Well, I'm not buying it. Recently practically every strand of humanist rationalist thought – from hard-line atheism, to the historicising of religious belief, to sceptical exploration – has been exceptionally well represented in the British mass media.

In the past six months we've had Jonathan Miller's Brief History of Disbelief on BBC 2, David Aaronovitch on the political power of the church, and Richard Dawkins's unambiguously-titled analysis of faith, The Root of All Evil. And our own commissioning editor Laurie Taylor has a new TV programme coming up this summer on millenarian cults (see page 16 for a sneak preview).

Meanwhile, leading secularist journalists like Nick Cohen, Polly Toynbee and Muriel Grey continue to provide vigorous and passionate commentary. And so many new books this year are devoted to the defence of the rational that they might even turn into a cult to rival The Da Vinci Code or Harry Potter.

Two recent books, Daniel Dennett's Breaking The Spell, and Lewis Wolpert's Six Impossible Things Before Breakfast, are both attempts to demystify belief, and explain faith in terms of evolution. Each has been widely discussed and reviewed. (You can find Lewis Wolpert on page 36, assessing the work of another eclectic evolutionist, Stephen Jay Gould). Reason has not been defeated.

New Humanist is, of course, a beacon for spreading reason and scepticism, and has common cause with many of these thinkers. Our collective efforts have helped to focus public attention on issues like the rise of fundamentalism, the dangers of legislation on religious hatred and the importance of the Enlightenment legacy.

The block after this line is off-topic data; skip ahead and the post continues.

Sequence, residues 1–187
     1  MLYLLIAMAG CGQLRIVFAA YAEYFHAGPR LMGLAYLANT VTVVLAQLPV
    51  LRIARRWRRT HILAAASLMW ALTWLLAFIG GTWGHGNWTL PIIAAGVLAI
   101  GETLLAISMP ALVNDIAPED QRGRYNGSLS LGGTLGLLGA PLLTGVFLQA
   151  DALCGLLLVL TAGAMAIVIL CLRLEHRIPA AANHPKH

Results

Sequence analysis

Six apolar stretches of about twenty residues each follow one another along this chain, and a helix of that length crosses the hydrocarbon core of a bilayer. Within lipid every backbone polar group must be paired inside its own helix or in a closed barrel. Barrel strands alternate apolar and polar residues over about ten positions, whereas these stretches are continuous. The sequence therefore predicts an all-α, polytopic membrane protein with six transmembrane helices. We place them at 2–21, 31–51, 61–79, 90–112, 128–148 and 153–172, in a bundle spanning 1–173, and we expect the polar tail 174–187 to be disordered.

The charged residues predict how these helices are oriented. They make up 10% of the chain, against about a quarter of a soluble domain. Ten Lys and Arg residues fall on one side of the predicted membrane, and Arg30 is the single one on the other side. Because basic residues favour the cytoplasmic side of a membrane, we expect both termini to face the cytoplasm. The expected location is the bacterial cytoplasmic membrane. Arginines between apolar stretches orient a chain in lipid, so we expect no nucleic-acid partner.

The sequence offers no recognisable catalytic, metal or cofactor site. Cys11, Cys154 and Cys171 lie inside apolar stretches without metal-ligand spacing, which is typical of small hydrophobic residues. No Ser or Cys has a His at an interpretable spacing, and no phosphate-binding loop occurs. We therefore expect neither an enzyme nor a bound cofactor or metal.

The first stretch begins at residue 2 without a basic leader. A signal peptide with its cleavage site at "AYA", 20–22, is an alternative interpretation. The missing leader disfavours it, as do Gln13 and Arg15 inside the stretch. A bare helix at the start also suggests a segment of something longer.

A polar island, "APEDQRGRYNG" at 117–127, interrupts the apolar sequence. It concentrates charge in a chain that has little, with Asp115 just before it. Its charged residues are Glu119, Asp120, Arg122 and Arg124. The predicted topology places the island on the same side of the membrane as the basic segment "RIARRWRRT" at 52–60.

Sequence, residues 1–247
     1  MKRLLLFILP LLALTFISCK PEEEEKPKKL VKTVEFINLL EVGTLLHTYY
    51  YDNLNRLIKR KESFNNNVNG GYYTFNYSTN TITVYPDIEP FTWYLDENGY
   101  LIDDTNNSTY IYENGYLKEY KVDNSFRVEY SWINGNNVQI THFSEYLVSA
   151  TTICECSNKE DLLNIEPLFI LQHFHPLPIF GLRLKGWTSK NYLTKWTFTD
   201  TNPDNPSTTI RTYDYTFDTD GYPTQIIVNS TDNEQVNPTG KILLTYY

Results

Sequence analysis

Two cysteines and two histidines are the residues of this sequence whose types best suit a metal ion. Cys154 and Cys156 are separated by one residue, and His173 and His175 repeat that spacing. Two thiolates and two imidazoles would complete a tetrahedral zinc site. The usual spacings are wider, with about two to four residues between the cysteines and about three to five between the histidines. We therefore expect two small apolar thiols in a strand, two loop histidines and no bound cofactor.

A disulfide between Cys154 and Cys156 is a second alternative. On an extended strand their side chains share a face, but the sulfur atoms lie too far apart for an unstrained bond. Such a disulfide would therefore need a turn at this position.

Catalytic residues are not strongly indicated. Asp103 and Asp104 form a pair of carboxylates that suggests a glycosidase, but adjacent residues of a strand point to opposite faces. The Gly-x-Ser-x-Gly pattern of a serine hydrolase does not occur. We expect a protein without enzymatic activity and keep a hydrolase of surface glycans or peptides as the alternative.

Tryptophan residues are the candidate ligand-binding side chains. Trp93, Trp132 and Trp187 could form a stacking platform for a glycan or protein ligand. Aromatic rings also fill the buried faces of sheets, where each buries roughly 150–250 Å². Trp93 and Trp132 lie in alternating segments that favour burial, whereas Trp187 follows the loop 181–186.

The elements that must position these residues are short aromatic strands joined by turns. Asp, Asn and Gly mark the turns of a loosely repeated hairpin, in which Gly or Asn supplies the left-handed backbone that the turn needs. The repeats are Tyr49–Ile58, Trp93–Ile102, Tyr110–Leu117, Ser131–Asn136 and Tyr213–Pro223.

But it's just as pertinent for us to air controversies among progressive and rationalist thinkers. One of the deepest differences currently centres around the question of 'memes', the evolutionists' attempt to give a Darwinian account of culture. In this issue (page 22) Britain's leading memeticist, Susan Blackmore, debates the value of this notion with anthropologist Adam Kuper.

And just in case you thought that atheism is always rational – prepare for another shock. In our cover story, Meera Nanda uncovers a new strain of thought, exemplified by the celebrated American religion-debunker Sam Harris. He denounces belief in God – but endorses almost every other form of pseudo-scientific mysticism.

There can be no more robust antidote to sloppy thinking and fluffy fantasies than a good, long draught of utilitarianism. Join us, in the year of his 200th anniversary, to celebrate the hard-headed morality of John Stuart Mill, one of our greatest exponents of independent thinking.

And the whole point of freethought, expressed through these pages, is that it allows us to be part of the same movement as Mill and Darwin, Dawkins and Stephen Jay Gould, Sam Harris and Meera Nanda, even though we don't always agree. These internal debates are absolutely at the centre of what makes us different from those who think they've already made up their minds about everything.

You know it makes sense.